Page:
Safe Injection Sites - "Enable Them or Bury Them"
Originally Published: 03/22/2017
Post Date: 03/25/2017
by Channel 6 News | Jessica Gagne
Safe injection sites have been responsble for saving thousands of lives over the last thirty years and are considered to be the gold standard in overdose prevention.
(NEWS CENTER) — We talked about this Wednesday on NOW, and there are hundreds of opinions on our Facebook page, all related to safe injection spaces. They are places where people can go to use heroin under the supervision of a medical professional. Clean needles are provided, and staff members can administer Narcan if someone is overdosing.
They also provide access to treatment.
As of now, these only exist outside our borders, but some U.S. cities are pushing forward on making them a reality here. Seattle is one of those cities— the health board voted in January to move forward on plans for two safe injection sites.
Wednesday, a state much closer to Maine came forward. Officials in Vermont say they are creating a task force to see if these sites could help save lives in their state.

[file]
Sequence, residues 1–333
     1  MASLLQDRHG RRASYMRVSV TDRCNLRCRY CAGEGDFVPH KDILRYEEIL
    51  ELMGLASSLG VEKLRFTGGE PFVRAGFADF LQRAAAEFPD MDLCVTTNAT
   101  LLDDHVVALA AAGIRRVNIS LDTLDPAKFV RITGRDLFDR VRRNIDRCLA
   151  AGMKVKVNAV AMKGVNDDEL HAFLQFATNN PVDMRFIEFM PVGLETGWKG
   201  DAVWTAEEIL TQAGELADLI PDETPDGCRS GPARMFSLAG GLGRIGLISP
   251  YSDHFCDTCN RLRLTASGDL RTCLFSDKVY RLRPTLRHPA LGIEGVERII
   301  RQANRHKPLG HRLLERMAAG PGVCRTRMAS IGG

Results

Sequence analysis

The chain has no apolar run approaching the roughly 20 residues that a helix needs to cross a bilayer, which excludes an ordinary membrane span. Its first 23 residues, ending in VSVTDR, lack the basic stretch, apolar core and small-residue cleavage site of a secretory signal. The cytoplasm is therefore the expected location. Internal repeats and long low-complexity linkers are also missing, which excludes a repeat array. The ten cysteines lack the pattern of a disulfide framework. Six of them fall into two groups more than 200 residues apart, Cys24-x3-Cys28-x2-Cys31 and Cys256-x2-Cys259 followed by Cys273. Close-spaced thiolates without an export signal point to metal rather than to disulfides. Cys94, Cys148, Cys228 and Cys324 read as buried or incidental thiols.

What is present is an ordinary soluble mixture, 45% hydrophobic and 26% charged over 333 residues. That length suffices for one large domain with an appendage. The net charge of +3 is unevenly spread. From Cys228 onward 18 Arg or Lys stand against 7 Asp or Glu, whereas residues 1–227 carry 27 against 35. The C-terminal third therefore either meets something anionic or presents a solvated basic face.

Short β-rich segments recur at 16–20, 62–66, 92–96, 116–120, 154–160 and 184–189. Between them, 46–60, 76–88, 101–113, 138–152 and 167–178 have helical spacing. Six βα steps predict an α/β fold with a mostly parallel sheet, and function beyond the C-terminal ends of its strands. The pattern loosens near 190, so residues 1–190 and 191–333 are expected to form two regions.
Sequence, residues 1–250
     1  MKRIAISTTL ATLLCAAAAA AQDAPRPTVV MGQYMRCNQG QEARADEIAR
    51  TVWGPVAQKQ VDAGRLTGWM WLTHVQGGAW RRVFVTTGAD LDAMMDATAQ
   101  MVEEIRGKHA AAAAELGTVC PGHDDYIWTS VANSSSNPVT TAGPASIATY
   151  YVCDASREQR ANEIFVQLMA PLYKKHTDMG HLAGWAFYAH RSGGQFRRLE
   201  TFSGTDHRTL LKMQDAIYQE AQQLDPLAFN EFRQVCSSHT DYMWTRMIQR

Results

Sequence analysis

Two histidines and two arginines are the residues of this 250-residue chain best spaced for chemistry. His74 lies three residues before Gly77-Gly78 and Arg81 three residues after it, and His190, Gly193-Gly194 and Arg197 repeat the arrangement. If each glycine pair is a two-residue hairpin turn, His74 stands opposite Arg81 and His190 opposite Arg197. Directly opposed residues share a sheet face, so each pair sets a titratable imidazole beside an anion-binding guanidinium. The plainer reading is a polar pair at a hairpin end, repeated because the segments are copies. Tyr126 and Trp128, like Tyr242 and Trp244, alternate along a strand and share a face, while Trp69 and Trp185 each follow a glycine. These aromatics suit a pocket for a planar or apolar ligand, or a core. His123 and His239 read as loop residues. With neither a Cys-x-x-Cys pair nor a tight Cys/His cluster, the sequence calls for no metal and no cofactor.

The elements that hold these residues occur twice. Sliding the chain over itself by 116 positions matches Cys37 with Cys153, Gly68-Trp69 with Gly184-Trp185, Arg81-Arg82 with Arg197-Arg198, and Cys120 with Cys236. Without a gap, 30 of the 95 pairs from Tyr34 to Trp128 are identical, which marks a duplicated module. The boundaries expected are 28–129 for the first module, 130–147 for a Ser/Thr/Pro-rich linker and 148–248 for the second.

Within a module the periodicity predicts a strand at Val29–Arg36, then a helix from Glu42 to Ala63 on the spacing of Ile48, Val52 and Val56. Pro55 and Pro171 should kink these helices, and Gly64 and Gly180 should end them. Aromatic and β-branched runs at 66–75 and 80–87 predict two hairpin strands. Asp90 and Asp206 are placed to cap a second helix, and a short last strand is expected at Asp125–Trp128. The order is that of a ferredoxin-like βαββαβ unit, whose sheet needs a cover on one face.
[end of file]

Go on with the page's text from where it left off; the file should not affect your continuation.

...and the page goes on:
It's not happening in Maine at the moment, but some think we should look into having these kinds of spaces here too. Tim Cheney of Grace Street recovery services spoke to me at his Sanford office about how he thinks safe injection sites can be a life saving resource that reduce public health costs, bring users out of the shadows, and put them in touch with the help they need.
"Would you like to be taking your child through a shortcut in an alley and see an addict lying there dead with a needle when he could have been in a medical facility because he has a disorder?" Cheney said. "People are observed when they are taking the injection. No body dies. So the question is, would you rather enable them, or bury them?"
Just down the road at the Sanford Fire Department, Captain Brian Watkins isn't convinced. He and his colleagues often have to use Narcan to revive heroin users when they respond to an overdose. He thinks more can be done to get people the help they need, without giving them a place to shoot up.
"I think there are better ways to do it. Programs like that just to me, enable people," said Watkins. "I don't know how it can work because there are going to be people that know how to play the game and cut the corners and go in there and do their thing and then leave, and it still becomes our problem. It still becomes law enforcement's problem."